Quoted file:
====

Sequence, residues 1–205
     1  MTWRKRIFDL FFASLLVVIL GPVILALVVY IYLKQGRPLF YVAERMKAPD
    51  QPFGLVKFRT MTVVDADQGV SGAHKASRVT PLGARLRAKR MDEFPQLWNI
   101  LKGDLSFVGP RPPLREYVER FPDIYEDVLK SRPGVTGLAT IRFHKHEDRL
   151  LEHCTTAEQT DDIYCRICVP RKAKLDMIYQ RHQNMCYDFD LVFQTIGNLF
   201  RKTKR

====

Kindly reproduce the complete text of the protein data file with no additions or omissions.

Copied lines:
Sequence, residues 1–205
     1  MTWRKRIFDL FFASLLVVIL GPVILALVVY IYLKQGRPLF YVAERMKAPD
    51  QPFGLVKFRT MTVVDADQGV SGAHKASRVT PLGARLRAKR MDEFPQLWNI
   101  LKGDLSFVGP RPPLREYVER FPDIYEDVLK SRPGVTGLAT IRFHKHEDRL
   151  LEHCTTAEQT DDIYCRICVP RKAKLDMIYQ RHQNMCYDFD LVFQTIGNLF
   201  RKTKR